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Professor Taking Her Class P/F Only Grades 60% of Student Finals


Photo by  Eliazar Parra Cardenas /  CC BY 2.0

On Friday, some students in STAT-101 were distraught to find out that their grades had not yet been submitted, despite having taken the final exam over a week earlier. While a majority of the students had opted to take the class pass/fail after returning home, there were still serious concerns over their final grades. Many students finished the online final exam feeling absolutely devastated by the sheer number of questions that could not be found on Chegg or in their numerous slides of lecture powerpoints. There was just no way to know what grade they would end up receiving at the end of all of this. Classmates took to Piazza to demand a quick turnaround on grades. To their surprise, the post was answered within five minutes by the professor herself who stated the following: 

“It has come to my attention that an overwhelming majority of you have decided to take my class pass/fail. While I do not blame many of you for choosing this option, it made me feel like my job as a professor is quite useless. I am also at the point in my quarantine state where I no longer feel like putting in more than the bare minimum effort. As such, I have opted to take STAT-101 pass/fail as well.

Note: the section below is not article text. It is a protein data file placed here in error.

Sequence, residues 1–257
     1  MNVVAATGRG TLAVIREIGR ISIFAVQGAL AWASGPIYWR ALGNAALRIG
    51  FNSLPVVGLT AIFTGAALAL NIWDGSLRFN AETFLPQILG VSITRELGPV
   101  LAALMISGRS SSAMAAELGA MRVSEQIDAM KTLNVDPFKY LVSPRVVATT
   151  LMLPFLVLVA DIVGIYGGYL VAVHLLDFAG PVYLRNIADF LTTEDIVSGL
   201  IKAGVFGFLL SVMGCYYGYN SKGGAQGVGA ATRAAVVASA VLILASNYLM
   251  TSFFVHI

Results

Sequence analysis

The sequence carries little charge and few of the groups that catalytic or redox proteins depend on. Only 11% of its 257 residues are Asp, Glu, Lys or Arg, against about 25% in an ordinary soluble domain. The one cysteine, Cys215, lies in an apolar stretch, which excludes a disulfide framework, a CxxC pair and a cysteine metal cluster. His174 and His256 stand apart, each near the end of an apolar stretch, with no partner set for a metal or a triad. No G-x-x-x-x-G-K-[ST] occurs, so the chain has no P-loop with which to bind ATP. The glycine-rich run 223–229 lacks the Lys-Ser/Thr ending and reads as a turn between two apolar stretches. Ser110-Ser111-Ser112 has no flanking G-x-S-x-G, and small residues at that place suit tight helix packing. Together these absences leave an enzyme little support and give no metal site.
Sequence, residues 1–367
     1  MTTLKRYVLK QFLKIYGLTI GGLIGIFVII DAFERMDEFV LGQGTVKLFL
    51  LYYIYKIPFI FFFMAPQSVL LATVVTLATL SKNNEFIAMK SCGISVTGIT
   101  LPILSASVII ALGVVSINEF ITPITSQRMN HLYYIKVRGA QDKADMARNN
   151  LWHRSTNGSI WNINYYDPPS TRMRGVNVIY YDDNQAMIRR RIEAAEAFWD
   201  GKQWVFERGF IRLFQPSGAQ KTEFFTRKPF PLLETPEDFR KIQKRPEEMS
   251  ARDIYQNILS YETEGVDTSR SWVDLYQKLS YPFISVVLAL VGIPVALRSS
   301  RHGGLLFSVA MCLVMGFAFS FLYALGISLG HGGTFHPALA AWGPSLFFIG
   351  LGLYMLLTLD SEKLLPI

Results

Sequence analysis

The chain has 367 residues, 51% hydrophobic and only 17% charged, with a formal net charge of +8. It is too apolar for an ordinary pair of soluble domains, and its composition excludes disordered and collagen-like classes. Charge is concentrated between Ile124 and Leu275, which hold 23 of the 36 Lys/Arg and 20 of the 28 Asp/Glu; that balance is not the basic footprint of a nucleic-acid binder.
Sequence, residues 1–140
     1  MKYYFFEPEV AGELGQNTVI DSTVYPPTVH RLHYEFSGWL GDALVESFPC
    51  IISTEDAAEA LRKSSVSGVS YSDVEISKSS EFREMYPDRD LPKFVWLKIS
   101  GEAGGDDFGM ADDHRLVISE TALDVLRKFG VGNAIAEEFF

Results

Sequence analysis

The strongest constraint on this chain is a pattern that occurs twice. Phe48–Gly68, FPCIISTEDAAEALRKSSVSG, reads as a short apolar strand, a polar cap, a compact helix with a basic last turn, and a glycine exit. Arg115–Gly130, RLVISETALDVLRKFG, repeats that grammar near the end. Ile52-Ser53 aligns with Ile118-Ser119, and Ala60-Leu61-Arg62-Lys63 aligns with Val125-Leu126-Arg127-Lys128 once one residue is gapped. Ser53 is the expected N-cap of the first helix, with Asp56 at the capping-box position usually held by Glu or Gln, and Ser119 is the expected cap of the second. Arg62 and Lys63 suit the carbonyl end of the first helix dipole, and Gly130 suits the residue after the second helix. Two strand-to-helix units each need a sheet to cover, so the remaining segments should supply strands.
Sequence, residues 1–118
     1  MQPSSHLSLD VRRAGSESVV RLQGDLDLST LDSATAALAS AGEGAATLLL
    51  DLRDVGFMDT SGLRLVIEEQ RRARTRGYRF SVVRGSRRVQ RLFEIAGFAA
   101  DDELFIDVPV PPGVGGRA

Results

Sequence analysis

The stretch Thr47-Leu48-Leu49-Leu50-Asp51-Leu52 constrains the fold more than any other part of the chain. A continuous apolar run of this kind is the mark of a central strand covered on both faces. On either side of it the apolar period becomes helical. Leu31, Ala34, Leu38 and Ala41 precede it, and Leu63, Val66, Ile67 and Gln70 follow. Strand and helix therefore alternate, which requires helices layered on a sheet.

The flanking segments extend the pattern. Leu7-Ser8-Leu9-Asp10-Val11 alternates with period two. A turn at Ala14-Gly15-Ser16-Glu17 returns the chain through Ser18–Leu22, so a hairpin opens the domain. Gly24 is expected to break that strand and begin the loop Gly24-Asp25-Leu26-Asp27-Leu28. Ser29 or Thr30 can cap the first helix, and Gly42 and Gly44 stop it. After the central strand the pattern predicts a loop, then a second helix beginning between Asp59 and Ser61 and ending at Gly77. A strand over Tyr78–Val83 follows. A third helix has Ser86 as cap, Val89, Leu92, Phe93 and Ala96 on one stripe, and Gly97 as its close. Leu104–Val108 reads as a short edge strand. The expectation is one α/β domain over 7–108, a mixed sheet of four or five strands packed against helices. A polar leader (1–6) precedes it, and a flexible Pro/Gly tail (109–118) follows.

What this means is that I will be striving to ride the line between passing and failing incredibly closely. I have already calculated it, and I do not have to grade all of your exams in order to retain my job as a professor at Penn for the next semester. More specifically, I only need to submit precisely 60% of your grades on PenninTouch. I have already designed a perfectly randomized, unbiased method of choosing 60% of student names, similar to what I have taught you in this class. Also, I plan on taking my time getting these grades in, as it seems like everyone is handing out extensions these days. I suggest you all relax, ‘take a chill pill’, and watch some Netflix. I wish you all good luck as I begin to randomly select names tomorrow. And to those in the 40%, I will see you next semester.”